Recent capital flows highlight a paradox: investors are afraid of inflation, but seem to have increased their allocation to just the assets that would do worst out of it.Continue reading
A recent working paper published by the International Monetary Fund looks at the impact of unconventional monetary policy on an open economy, taking Canada’s case as an example.
The paper’s main finding is that unconventional monetary policy by the Canadian central bank has had expansionary effects on the Canadian economy. Continue reading
A statement from Halifax shares the “good” news: home prices paid by first-time buyers are the highest ever.
In the first half of this year, first-time buyers paid on average £207,693 for a home, the highest price on record. This is 4% higher than a year ago, and 50% higher than five years ago.
The financial repression that central banks started after the global financial crisis of 2007-2009 does not seem to be close to an end. The central banks argue that inflation has not come back to their target of around 2%, but their definition of inflation is flawed.
There is a widespread view that the Federal Reserve will have to raise interest rates at a steady pace this year, because it cannot afford to fall behind the curve.
I would argue that it has already fallen behind the curve and has no choice but to remain there. And it is not the only one in this situation. All major central banks are playing the same game; they have no choice.
“Happiness is a candle. In fact, don’t laugh too loud, you risk putting it out.”
— Christophe Maé – Il est où le bonheur
“Brexit Armageddon simply hasn’t happened,” writes with delight the Guardian’s economics editor, Larry Elliot.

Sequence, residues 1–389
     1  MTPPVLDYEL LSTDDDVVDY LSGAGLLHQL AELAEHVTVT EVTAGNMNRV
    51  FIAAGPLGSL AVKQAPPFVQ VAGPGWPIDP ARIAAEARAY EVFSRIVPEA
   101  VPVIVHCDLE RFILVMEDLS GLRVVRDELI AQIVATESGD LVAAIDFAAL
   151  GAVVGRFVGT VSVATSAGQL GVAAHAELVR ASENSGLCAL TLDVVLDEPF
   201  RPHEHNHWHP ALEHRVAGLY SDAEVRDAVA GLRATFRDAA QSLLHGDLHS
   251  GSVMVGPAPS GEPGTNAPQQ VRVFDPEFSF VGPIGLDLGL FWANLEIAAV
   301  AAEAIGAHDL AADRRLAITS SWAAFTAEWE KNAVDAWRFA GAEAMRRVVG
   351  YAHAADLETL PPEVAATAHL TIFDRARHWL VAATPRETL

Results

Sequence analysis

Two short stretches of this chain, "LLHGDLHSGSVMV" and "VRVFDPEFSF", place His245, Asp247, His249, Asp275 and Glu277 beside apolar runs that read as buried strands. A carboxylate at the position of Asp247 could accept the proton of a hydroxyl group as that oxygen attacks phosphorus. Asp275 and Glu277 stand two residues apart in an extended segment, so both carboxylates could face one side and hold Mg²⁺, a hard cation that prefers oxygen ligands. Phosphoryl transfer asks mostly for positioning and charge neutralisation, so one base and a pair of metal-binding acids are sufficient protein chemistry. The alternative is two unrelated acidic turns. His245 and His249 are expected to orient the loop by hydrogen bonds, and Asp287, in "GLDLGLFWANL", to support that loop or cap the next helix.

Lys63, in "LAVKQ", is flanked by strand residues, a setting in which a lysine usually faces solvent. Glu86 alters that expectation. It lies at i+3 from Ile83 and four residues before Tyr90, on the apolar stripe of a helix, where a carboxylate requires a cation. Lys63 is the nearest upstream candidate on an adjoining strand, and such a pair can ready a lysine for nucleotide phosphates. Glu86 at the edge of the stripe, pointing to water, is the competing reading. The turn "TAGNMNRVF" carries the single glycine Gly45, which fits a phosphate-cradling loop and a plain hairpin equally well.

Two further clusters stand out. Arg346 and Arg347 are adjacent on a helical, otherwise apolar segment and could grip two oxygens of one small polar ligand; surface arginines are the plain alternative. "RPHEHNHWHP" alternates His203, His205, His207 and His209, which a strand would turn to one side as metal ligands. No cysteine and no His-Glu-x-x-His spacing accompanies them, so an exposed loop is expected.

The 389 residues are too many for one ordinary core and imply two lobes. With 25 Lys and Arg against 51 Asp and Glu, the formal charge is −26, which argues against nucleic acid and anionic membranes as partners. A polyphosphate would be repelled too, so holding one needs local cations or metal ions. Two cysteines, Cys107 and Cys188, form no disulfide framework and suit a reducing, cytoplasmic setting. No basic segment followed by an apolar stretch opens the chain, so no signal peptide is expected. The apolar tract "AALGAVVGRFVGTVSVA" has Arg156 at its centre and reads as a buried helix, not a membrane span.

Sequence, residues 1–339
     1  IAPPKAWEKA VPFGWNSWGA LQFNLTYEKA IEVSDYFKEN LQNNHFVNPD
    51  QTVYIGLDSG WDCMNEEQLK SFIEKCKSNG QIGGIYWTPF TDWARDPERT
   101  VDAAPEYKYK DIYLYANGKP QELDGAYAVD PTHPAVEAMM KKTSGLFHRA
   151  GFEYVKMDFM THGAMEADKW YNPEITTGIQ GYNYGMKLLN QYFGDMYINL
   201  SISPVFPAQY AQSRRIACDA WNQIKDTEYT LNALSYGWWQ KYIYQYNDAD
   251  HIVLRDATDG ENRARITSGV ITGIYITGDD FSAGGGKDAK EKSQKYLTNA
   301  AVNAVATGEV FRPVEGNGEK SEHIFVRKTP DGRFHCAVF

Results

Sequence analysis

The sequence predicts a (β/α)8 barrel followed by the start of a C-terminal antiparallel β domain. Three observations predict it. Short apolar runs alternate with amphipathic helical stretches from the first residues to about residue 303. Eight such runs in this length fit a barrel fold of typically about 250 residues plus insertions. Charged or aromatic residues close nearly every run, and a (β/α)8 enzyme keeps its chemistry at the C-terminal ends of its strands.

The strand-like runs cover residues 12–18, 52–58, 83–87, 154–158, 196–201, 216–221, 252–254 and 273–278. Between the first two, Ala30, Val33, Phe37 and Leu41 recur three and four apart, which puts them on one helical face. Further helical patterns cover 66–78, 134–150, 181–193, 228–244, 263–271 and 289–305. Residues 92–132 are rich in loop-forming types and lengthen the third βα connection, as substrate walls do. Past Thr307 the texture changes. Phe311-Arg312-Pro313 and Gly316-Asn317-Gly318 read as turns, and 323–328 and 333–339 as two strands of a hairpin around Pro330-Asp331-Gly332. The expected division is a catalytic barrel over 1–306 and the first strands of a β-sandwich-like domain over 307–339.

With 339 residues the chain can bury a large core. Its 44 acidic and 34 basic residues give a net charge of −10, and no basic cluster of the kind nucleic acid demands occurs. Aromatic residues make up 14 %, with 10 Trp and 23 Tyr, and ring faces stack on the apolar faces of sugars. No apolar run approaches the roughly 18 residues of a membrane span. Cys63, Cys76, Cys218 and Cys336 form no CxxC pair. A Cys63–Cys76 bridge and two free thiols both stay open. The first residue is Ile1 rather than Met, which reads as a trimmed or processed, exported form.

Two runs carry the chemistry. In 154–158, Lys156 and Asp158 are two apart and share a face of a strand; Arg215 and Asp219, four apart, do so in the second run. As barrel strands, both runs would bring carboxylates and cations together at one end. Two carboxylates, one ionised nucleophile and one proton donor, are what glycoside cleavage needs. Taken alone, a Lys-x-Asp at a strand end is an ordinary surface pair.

“The 1.4% jump in retail sales in July showed that consumers have not stopped spending, and seem to be more influenced by the weather than they are by fear of the consequences of what happened on 23 June. Retailers are licking their lips in anticipation of an Olympics feelgood factor.
The financial markets are serene. Share prices are close to a record high, and fears that companies would find it difficult and expensive to borrow have proved wide of the mark. Far from dumping UK government gilts, pension funds and insurance companies have been keen to hold on to them,” writes Elliot.
Perhaps this optimism is partly justified. After all, confidence goes a long way in financial markets, as any observer of emerging markets can testify. As long as you can project confidence, the battle is, if not won, at least not entirely lost. In most cases, anyway.
As investors ponder whether to “sell in May and go away,” strategists say we’ll either see a “summer of stocks,” or a “summer of shocks.”
If anyone was looking for more proof of how central banks’ actions are distorting the markets, here it is: investors are trying to “front-run” the European Central Bank (ECB) – in the words of analysts at Bank of America Merrill Lynch — by buying investment grade bonds.
The European Central Bank helped credit as an asset class, and of course corporate bonds within it, become attractive to investors again.
Bearish sentiment abounds in financial markets, and the contrarian “buy” signals intensify. And yet, few analysts have the courage to say the correction/bear market is over and this is the time to jump into the market.